Disciplinary differences…

…and similarities.

In an earlier blog post I noted the noted the importance of good discipline on campus. A sound disciplinary framework is important for sustaining a strong idea of community, ensuring students are able to get on with their studies without unwarranted distraction and for developing s sense of social responsibility across the student body. It was interesting therefore to happen across this disciplinary code from the (intriguingly named) Lovely Professional University in India. A few of the highlights follow:

Disciplinary misconduct constitutes but not limited to one or more of any of the acts that follow; and any student found guilty of disciplinary misconduct shall be liable for severe disciplinary action beside the action imposable under any law or regulation in force:

Physical assault or threat to use physical force, against any staff member, visitor, student of the university or any other person;

Irregularity in attendance, persistent idleness or negligence or indifference towards the classes, test or examination or any other curricular or co-curricular activity, any other work assigned or a student is expected to participate in;

Carrying of, possession of, use of, or threat of use of or abetting the use of any kind of weapons including sticks, rods, guns, swords, knifes, etc. and any kind of firework, cracker or any other explosive or anything barred by the university and/or the law;logo_lpu

Misbehaviour or cruelty towards any other student, staff of the university or any other person;

Possession, use of or dealing with or abetting the use of any kind of intoxicating material including alcohol, drugs of any kind, gutka, tobacco, cigarettes or any other sedative material or anything, except those prescribed by a qualified doctor;

Any violation of the provisions of the Civil Rights Protection Act, 1976 or any other law for the time being in force;

Indulging in or encouraging violence or any conduct which involves moral turpitude;

Any form of gambling;

Discrimination against any student or a member of staff on grounds of caste, creed, language, place of origin, social and cultural background or any of them;

Practicing casteism and untouchability in any form or inciting any other person to do so;

Drinking or smoking;

Although some of the language is a little quaint, some elements look rather strange (I fear there might be rather a lot of what might be described as moral turpitude as well as a bit of drinking and smoking on UK university campuses) and some aspects are quite specific to the national context (casteism for example), overall the code is not that different from what we might expect in any western university. So perhaps discipline arrangements at Lovely Professional University are not that remarkable.

Good discipline?

Universities’ disciplinary records under scrutiny.

Some entertaining reactions to a piece in the Guardian which reported that university students had paid over £0.5m in fines in a year:

Universities across the UK issued disciplinary and administrative fines totalling more than £550,000 to students last year.

Freedom of information requests from the Guardian have shown students were fined a total of £551,237.30 for offences such as smoking, drunkenness, and unauthorised parties in the last academic year. One institution said it used the money collected to fund the annual staff outing.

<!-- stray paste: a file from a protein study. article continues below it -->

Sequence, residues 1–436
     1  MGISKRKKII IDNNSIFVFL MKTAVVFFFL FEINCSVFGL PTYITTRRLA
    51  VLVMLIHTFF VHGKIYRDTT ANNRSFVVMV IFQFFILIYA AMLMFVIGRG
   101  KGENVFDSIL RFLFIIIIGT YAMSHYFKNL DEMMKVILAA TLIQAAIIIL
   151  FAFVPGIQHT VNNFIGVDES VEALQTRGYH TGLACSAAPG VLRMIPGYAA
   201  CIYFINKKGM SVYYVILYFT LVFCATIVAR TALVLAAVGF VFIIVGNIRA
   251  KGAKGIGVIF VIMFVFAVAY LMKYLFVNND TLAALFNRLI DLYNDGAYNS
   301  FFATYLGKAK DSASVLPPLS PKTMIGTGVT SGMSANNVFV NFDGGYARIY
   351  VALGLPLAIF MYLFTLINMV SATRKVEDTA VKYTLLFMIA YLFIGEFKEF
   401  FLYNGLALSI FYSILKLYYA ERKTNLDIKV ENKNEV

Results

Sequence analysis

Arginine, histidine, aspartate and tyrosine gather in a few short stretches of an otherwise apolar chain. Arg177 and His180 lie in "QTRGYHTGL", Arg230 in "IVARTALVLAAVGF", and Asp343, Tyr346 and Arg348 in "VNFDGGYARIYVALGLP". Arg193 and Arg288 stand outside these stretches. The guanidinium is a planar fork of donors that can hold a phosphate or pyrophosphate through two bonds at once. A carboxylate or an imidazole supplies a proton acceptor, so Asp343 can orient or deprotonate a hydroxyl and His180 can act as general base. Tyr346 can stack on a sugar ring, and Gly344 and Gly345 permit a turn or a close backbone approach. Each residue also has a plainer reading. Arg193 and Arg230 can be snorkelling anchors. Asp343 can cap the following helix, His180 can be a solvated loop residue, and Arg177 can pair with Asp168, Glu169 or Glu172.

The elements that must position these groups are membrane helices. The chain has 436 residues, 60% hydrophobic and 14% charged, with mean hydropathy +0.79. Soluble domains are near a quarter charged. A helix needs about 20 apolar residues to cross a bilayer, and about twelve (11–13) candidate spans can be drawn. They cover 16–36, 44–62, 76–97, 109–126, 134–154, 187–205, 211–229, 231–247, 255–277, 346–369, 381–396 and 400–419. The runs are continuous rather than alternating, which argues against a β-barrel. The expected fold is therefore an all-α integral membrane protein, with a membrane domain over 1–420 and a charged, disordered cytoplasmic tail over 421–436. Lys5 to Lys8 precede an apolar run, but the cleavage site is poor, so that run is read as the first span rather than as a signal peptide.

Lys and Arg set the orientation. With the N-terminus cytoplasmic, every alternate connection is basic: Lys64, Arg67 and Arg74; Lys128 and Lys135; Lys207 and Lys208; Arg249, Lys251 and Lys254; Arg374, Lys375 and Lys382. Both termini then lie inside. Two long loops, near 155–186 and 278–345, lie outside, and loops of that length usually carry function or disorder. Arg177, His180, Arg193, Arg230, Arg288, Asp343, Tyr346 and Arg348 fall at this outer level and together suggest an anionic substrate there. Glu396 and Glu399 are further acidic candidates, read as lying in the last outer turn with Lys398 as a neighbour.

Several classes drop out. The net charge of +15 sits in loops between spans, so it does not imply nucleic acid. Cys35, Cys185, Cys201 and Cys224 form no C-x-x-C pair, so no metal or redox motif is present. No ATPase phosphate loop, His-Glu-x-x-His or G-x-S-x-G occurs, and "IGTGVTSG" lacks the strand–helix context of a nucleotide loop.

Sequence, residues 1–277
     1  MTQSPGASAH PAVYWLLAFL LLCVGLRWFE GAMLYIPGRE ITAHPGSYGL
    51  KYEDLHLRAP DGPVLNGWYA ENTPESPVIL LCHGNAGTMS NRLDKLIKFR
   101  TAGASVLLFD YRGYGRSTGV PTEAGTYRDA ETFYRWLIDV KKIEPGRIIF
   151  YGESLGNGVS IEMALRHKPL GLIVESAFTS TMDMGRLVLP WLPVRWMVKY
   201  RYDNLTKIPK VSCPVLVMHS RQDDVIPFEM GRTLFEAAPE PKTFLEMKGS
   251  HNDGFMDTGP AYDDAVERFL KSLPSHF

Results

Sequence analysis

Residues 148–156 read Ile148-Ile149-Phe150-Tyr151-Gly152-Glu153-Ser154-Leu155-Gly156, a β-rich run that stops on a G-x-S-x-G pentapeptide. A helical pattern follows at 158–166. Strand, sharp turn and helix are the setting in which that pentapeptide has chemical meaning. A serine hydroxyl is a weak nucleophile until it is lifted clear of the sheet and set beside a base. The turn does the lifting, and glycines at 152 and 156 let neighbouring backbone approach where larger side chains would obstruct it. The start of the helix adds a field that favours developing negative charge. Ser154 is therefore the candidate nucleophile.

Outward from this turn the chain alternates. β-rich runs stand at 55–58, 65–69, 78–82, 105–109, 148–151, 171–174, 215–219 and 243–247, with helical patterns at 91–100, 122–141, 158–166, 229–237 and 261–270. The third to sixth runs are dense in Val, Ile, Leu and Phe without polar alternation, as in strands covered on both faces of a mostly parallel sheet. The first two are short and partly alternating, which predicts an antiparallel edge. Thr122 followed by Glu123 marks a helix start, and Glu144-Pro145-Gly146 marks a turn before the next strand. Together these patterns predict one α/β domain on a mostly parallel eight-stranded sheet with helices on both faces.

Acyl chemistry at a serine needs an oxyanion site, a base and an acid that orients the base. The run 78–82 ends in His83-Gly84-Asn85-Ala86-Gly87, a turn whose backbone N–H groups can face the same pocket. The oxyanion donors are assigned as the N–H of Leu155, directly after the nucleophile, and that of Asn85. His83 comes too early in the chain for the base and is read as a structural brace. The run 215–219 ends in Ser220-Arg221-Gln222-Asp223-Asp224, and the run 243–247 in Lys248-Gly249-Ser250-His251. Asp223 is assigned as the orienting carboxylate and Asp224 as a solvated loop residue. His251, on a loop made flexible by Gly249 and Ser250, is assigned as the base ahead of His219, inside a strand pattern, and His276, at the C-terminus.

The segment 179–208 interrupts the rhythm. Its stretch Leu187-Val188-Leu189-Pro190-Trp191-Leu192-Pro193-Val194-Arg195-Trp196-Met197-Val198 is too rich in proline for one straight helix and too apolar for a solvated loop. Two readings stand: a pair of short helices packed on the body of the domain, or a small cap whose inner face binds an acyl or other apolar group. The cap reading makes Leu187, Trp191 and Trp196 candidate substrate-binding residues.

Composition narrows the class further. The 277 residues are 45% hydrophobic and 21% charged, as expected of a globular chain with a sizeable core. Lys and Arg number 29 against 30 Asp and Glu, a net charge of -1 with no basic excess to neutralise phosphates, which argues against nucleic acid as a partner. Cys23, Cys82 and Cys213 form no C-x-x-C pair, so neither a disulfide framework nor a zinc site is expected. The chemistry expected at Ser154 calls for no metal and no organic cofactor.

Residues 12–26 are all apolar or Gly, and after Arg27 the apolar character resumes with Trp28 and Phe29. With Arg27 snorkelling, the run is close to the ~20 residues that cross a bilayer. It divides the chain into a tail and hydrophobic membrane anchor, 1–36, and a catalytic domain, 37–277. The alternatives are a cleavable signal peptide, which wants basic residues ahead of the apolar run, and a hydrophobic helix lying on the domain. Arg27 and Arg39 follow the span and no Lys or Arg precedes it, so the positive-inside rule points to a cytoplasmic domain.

The results also revealed a number of peculiarities in the amounts fined for each offence. At Brunel University, while “assisting students with online tests for money” landed one student with a £250 fine, another was fined £50 for “hitting a member of staff”.

A student at Kent University was fined £50 for “insulting or violent behaviour including or involving racial, sexual or other abuse, harassment or threat of violence” – the same amount that many were charged for smoking offences.

Other offences that resulted in disciplinary action at universities included keeping chickens, leaving food on a window ledge, stealing loaves of bread and being prepared for a post-examination “trashing” of another student. Warwick University issued fines totalling £350 last year to students who were “drunk”, with no further reason given.

Some unusual offences here but perhaps nothing too remarkable for any readers of True Crime on Campus (apart perhaps from the keeping chickens offence, which is a new one to me).

Surprisingly unwelcome on campus

Surprisingly unwelcome on campus

Also, it’s perhaps a rather low sum given the large number of offences against regulations which will be committed by students every year. University do have rules and it is inevitable that many students will breach them at some point, often in halls of residence where they are learning for the first time about shared community responsibilities. The University of Nottingham’s Code of Discipline is outlined in its Ordinances and notes the reasons for the need for such legislation an students’ undertakings:

  1. Regulations on discipline are necessary because the University is a society in which good standards of communal life must be maintained, so that all its members may enjoy conditions enabling them to achieve their aims in joining it. Present students should also, in their behaviour, show proper concern for the reputation of the University and its effect on their contemporaries and their successors.

  2. The acceptance of an offer of admission by students is regarded as an undertaking to obey such University Ordinances and Regulations as are in force at any time during their period of study, and each student is required at registration to enter into such an undertaking.

So there can’t be any real room for misunderstandings there. Unless you decide to keep chickens of course.